Bloomfield Hills, Mich., April 14, 2022 — This summer Cranbrook Art Museum will present Tunde Olaniran: Made a Universe, the first film commissioned by the museum and its first project to traverse the spaces of the recording studio, the silver screen, and the gallery. The accompanying exhibition will run from June 18 through September 25, 2022.
Tunde Olaniran (they/them) is a musician, singer, and performer based in Flint, Michigan. Starting in 2019, Cranbrook Art Museum partnered with the artist to help create the short film Made a Universe, which completed production in 2021 and will premiere as part of the exhibition at Cranbrook Art Museum.
Shot on location in Detroit and Harbor Beach, Michigan, with an entirely local cast and crew, the multimedia production explores themes of agency, liminality, human connection, and psychic and emotional power. It was directed and scored by Olaniran and features collaborations across artistic mediums with several multidisciplinary, award-winning artists, including Yo-Yo Ma.
With the narrative arc of a hero’s journey, Made a Universe is a contemporary horror film that takes its inspiration from archetypes like those found in the New Mutants, a spin-off of the X-Men comic series. Within this premise, the character’s often perceived weakness translates into their unique superpower. The film examines what it means to unlock your power in the face of fear and repression, unifying various fragments of your psyche to connect with the world and yourself on a deeper level.
“Tunde is a creative force of nature. They address complicated themes deeply rooted in our humanity through an otherworldly talent,” said Laura Mott, Chief Curator, Cranbrook Art Museum. “Their stage performances include music, choreography, and handmade costumes, and we have metaphorically turned up the volume to full blast with this multi-faceted project. It has been thrilling to collaborate on a film from scratch and to adapt an exhibition format to meet Tunde’s vision.”
The exhibition offers a screening room that will show the film, and the galleries will feature handcrafted set pieces from the film re-imagined into an experiential art installation, offering visitors an immersive, parallel journey through Olaniran’s creative universe.
“As contemporary artists increasingly blur and blend artistic genres such as music, film, performance, and installation, museums such as Cranbrook are called upon to help meet those challenges.” said Andrew Blauvelt, Director of Cranbrook Art Museum. “Olaniran ‘s expansive creative vision exemplifies this contemporary impulse.”
All sets were created by or in collaboration with Detroit and Flint-based visual artists and designers, including Vanessa Cronan, Katy Dresner, Ellen Rutt, Amy Fisher-Price, Natasha Beste, Skyylar Taylor, Matthew Osmon, Rachelle Baker, and Lisa Waud. The film’s score contains original musical works from Tunde Olaniran and Yo-Yo Ma. Movement and dance-based work in the film itself was choreographed by Emma Davis and Olaniran.
“This is the most ambitious and thrilling work I’ve ever done, and being able to include so many of my peers in Detroit and Flint was important,” said Olaniran. “Writing and directing this film helped me to unify various experiences of loss, fear, wonder, desperation and isolation growing up Black, queer and poor in a place like Flint, Michigan. Within this immersion in sometimes-painful memories, there also formed a space for reflection on what forces could fuel and sustain my survival. Rather than becoming trapped in an endless loop of reliving this trauma, I’m trying to retell it in a framework that removes me from the imagination of my oppressors. There also emerged a recognition of the inescapable network of mutuality within Black ancestral and contemporary lineages, and the realization that, in the face of oppression, we still have the capacity and power to invent our lives.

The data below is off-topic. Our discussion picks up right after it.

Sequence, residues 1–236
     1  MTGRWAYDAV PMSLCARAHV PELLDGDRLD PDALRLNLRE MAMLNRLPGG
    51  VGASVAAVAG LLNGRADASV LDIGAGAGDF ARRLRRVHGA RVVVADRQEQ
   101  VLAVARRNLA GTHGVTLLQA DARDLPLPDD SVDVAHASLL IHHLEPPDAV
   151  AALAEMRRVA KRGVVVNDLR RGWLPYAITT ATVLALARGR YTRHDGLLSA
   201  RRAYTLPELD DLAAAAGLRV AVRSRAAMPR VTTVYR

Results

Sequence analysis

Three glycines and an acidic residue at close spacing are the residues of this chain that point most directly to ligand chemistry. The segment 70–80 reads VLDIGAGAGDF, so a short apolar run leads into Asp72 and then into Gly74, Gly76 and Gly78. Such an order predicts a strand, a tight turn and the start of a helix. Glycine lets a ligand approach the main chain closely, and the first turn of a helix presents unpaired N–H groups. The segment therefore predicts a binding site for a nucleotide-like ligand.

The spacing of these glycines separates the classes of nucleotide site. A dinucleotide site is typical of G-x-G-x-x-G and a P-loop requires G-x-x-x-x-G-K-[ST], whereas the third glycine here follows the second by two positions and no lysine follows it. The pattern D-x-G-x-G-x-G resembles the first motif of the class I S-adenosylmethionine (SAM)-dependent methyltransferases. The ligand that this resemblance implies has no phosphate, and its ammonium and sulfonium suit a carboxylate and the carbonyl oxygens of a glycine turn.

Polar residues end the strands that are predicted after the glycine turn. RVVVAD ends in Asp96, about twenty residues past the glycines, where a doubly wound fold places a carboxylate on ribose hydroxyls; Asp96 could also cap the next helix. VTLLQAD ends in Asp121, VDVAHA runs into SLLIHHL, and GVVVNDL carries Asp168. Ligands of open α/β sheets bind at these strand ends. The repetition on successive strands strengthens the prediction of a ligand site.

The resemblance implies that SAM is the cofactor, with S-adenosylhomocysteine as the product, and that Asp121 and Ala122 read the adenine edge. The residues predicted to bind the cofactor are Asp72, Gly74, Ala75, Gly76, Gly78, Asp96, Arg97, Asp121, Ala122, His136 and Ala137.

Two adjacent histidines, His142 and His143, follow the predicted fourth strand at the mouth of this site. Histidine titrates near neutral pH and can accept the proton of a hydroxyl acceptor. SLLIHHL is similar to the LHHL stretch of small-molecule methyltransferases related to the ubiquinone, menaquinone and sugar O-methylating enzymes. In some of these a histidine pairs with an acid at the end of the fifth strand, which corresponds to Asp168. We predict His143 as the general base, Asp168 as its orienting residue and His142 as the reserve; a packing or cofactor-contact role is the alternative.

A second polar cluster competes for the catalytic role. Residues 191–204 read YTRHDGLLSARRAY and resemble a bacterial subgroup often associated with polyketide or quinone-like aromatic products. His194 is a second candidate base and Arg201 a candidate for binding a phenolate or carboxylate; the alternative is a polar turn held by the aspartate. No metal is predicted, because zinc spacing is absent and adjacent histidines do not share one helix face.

“Cranbrook and its Chief Curator Laura Mott really saw the potential in the seed of an idea I had in 2019, which was to explore more visual media. Their and her commitment to helping me grow my artistic practice beyond what I previously thought was possible is beyond what I’ve experienced in any other partnership.”
Olaniran is an artist whose work spans the worlds of music, dance, film, literature and performance art, exploring themes of Blackness, gender expression, class, agency, and psychic/emotional power. They have released two studio albums, Transgressor (2015) and Stranger (2018). They plan to release their third studio album in 2022. Their work for PBS’ “Backstage Pass” won a 2021 Regional Emmy award. They were named a 2018 Art Matters Fellow and a 2019 United States Artists Music Fellow. This is their first museum exhibition.
Tunde Olaniran: Made a Universe joins the exhibitions, Tyrrell Winston: A Tiger’s Stripes and Whatever Gets You Through the Night: Selections from the Mott-Warsh Collection, also opening on June 18.
Tunde Olaniran: Made A Universe is organized by Cranbrook Art Museum and curated by Laura Mott, Chief Curator. The film is produced and co-writ by Paige Wood. The project is generously supported by The John S. and James L. Knight Foundation, the National Endowment of the Arts, Jennifer and Dan Gilbert, Don Manvel, and additional support by Library Street Collective.
Tunde Olaniran: Made A Universe is presented by Flagstar Bank.
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